The most common use of event handlers is for extending the user management operations. Although a variety of business requirements can be achieved through custom event handlers, they must be used with care and with focus on the performance impact they may bring to OIM transactions.
The main types of Event Handlers are:
- Pre-Process: triggered BEFORE the actual transaction is executed
- Post-Process: triggered AFTER the actual transaction is executed, but within the transaction
- Validation: triggered BEFORE the actual transaction starts and can prevent the transaction from happening if the validation fails
- The XML file that defines the event handler and specifies (among other things): Event Handler name, Java class with the implementation, entity type, the stage that the event handler will be executed (preprocess, postprocess) and other information depending on the type
- The plugin that contains the code to be executed
- Use OIM 11APIs whenever possible; avoid using ‘Thor.API.tcUserOperationsIntf for searching users. Make use of the new APIs like ‘oracle.iam.identity.usermgmt.api.UserManager’ and ‘oracle.iam.identity.usermgmt.vo.User’APIs like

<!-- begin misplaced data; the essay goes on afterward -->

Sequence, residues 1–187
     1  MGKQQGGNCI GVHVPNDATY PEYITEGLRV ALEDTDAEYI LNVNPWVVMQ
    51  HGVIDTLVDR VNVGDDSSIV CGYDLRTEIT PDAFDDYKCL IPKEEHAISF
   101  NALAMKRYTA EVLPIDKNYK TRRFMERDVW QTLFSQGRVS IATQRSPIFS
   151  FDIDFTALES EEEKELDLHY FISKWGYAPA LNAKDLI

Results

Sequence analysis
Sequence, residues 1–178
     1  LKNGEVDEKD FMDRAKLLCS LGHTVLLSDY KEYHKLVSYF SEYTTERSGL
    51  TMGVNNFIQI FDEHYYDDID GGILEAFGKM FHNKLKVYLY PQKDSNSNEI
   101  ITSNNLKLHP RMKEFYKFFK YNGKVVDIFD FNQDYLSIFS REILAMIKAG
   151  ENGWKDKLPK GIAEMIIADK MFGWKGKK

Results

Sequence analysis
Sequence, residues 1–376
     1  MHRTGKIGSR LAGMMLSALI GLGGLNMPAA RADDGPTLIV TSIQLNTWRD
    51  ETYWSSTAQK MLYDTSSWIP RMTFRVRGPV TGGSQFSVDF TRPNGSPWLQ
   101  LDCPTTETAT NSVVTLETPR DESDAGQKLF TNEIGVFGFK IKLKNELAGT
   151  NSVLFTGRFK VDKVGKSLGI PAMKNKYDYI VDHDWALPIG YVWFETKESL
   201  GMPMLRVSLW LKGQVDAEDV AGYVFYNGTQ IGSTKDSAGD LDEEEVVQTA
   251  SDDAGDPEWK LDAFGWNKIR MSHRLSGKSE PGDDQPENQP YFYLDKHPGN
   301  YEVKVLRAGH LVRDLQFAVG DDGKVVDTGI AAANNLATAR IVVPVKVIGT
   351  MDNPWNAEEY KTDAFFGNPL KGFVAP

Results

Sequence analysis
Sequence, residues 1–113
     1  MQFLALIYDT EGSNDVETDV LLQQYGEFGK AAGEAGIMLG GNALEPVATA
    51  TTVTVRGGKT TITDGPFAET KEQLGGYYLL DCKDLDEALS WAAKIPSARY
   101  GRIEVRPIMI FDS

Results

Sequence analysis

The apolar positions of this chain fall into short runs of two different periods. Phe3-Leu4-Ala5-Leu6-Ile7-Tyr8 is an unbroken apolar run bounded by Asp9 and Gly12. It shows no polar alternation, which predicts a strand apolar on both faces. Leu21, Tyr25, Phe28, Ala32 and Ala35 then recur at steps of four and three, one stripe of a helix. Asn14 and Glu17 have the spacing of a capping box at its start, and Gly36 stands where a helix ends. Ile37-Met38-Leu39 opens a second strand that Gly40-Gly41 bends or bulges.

- Use the class ‘oracle.iam.platform.Platform’ to get instances of the APIs. When this class is used, there is no need for API authentication. The instances returned run under ‘internal’ user in OIM, therefore the update operations can be done without authenticating: Platform.getService(UserManager.class)
- Avoid long running operations in Event Handlers. Even if the code can be executed as post process asynchronous operation, think about moving any long running operation to scheduled tasks and/or other OIM features
- Use ‘oracle.iam.platform.entitymgr.EntityManager’ for updating user attributes. This will prevent OIM from triggering the event handlers once again
- Avoid things like accessing external database (or other database schemas), reading files and other ‘external to OIM’ operations. They will slow down the event handler execution.
- Do not forget that OIM invokes the event handlers in two different ways: bulk and non-bulk. Make sure that your Event Handler code is smart enough to handle both situations.
- OIM instantiates one instance of each event handler during application server startup and keeps invoking it. Take this into consideration when designing and implementing your Event Handler.
Check the Oracle Identity Manager Academy for other OIM 11g related posts